coffee bag bag

coffee bag basket with square weaving

This bag has been waiting to be put together for a long time, because I prefer to keep the squares as squares, rather than ready-made bags, which take up much more space at home. And I only collect the bags when there is a need for it. This bag was given as a gift, so I got rid of a few squares again.

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These squares are woven from old Kulta Katriina coffee bags with a brown background and shiny coffee cups. The almost black squares of the bottom are woven from the bottom edges of coffee bags, which also have a little brown.

I again used black gift ribbon to connect the squares and finished the top edge of the bag with black anorak cord. As a needle, the same old mattress needle with a rounded tip.

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There was enough material left over from the same coffee bags for four squares, where different patterns have been tried out from the coffee saucer. The bottom of the basket has a black square woven from other Kulta Katriina coffee bags.

juhla mokka bags

Again, so many old Juhla Mokka bags had accumulated in my stash that it was good time to weave a couple of Juhla Mokka bags again. The small cube baskets are well suited for storing coffee bags and all the 168 bags you need for the bags were packed on this one.

First, I cut black and white strips from the coffee bags. For the second strip, I wanted to try new patterns and cut them below the black and white strips. I braided the strips so that the center of the coffee cup remains visible and the coffee cups of the four strips form one cluster. This resulted in four different options, from which I chose the model in the upper right corner, where the foam in the coffee forms a light dot in the coffee cup pattern.

I also tried different patterns on the black and white strips, but it’s harder to see the differences from them, so I used all the different variations on the same bag.

I placed the coffee cup patterns on the bag so that they run as diagonal stripes on the sides of the bag. It was not possible to continue the stripes seamlessly at the bottom of the bag, but this way the patterns do not hit side by side and are always the most angular.

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I tested a different type of joining of squares in these bags. I usually connected the squares of the black and white bag from the hinges first and pulled the strips from the top of the square in front of the hinges. Here are pictures before and after joining from the same point. By comparing the same points on the strips, you can see how much the pattern moved when the squares were joined. An example is the point circled in yellow.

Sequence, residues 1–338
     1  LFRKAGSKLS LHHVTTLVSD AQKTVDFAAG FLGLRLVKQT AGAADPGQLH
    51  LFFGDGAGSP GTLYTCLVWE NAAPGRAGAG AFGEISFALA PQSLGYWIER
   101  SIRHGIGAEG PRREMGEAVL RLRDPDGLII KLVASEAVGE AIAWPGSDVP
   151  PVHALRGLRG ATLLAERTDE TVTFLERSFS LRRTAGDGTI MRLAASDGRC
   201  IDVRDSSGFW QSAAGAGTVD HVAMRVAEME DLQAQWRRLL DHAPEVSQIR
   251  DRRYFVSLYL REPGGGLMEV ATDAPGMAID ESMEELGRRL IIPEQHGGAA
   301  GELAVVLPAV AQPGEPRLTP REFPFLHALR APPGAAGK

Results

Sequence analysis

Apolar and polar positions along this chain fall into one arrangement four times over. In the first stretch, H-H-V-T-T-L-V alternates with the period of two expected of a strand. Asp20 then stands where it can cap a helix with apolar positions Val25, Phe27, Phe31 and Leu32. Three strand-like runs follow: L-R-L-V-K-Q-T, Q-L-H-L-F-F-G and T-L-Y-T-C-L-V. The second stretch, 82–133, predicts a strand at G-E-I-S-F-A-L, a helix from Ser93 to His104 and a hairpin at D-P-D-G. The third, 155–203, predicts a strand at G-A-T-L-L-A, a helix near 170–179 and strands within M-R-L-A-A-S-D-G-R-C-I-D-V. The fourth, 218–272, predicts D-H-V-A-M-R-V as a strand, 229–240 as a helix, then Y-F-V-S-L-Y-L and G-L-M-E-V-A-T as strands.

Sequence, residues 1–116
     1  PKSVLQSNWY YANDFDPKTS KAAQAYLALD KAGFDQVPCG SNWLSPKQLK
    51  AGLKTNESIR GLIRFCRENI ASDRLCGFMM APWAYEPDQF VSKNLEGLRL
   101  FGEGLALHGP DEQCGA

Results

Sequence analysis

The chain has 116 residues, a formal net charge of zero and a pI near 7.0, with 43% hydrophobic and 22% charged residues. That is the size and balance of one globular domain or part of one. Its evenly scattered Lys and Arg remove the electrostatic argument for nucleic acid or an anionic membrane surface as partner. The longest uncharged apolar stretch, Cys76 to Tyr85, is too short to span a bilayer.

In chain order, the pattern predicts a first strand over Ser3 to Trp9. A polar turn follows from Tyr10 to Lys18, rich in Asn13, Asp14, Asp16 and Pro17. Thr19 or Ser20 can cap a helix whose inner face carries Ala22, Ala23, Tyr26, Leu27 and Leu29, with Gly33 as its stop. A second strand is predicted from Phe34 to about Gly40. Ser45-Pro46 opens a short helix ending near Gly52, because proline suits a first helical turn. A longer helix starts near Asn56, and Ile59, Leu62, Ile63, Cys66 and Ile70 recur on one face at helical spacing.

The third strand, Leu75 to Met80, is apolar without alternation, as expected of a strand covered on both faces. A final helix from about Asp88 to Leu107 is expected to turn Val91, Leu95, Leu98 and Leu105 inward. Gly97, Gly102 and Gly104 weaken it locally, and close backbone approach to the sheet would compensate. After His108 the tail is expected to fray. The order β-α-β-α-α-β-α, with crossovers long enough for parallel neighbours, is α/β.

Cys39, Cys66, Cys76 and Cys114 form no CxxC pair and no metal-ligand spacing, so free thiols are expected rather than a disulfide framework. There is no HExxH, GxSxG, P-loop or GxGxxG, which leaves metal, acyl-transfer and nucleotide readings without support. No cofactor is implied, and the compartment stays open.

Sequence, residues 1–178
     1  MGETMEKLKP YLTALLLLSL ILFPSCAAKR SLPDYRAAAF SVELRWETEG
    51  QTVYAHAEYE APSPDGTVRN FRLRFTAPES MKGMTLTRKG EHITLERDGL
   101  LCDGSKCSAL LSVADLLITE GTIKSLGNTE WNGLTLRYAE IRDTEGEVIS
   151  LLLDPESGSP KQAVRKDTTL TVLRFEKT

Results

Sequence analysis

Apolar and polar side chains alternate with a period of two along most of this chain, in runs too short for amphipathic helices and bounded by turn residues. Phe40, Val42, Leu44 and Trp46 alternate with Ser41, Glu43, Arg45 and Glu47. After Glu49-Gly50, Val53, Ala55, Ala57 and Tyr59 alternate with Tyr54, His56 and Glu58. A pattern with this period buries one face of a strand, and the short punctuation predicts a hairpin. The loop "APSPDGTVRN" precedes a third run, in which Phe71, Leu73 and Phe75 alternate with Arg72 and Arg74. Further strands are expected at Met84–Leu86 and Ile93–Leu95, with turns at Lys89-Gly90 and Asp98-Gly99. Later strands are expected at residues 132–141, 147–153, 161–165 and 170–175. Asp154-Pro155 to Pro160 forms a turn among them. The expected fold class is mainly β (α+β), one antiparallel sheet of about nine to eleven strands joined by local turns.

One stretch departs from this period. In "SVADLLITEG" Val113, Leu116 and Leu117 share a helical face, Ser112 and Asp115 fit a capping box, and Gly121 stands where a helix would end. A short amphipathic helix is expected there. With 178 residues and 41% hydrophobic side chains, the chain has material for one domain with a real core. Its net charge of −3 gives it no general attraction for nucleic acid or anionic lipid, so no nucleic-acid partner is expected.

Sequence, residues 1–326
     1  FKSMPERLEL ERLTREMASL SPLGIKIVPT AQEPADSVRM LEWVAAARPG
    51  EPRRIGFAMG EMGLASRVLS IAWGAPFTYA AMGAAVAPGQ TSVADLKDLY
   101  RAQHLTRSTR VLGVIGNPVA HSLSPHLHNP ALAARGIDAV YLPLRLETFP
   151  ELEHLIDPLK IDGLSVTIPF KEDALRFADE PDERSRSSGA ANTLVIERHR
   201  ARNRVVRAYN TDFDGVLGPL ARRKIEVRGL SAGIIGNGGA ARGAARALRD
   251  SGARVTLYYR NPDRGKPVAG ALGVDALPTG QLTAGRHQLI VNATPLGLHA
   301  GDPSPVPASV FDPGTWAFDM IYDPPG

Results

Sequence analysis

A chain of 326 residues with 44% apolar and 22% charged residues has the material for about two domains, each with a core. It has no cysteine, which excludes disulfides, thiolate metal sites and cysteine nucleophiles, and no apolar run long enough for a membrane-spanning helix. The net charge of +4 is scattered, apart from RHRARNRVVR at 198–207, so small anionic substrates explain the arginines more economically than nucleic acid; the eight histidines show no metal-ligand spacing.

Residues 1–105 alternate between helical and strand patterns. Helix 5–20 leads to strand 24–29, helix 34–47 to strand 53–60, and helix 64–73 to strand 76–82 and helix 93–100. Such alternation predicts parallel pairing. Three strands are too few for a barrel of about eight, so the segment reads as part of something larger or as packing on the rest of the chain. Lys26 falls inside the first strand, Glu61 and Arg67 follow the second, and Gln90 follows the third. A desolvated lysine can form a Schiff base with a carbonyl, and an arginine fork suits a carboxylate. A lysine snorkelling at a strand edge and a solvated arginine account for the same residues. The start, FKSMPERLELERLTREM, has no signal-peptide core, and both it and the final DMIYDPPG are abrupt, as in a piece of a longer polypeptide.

In the second bag, I sewed the hinges normally, after which I pulled the strip I wanted from the inside of the bag onto the hinge and pulled the space left under the square outside the bag on the hinge. This avoided spinning the strips in the finished bag, which is quite challenging.

I always finish the top of the bag with a string, which I tie and thread inside the bag into the first couple of strips. This makes it easy to remove the cord if you need to hang reflectors or other decorations on the edge of the bag, for example.

Lastly, I threaded the blue ribbon outside the bag and sew the ends of the ribbon.

yellow coffee bag bag

Paulig’s coffee package selection includes two different colors of yellow that I decided to combine into one bag. The material in the coffee packs has a matte finish and is sure to get dirty much faster than a glossy finish, but you have to be careful where to store it.

Top parts of 83 Paulig New York coffee packages and 85 yellow Brazil coffee bags have been used for this bag. I would have used 84 and 84, but I had too few New York bags. The strips cut from the coffee bags are 6,8 cm wide and are folded in triplicate, making the folded strip about 2,3 cm wide. The folds of the package remain visible on the strips at the top edges, giving it more texture to the surface of the solid weave.

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The two-color squares can be arranged nicely in the bag so that the light and dark parts vary on the surface in every other small square in the weave. However, the corners of the bottom confuse the pattern a bit and at the ends of the bottom of the bag, squares of the same color hit each other. This, of course, is not seen when using a bag.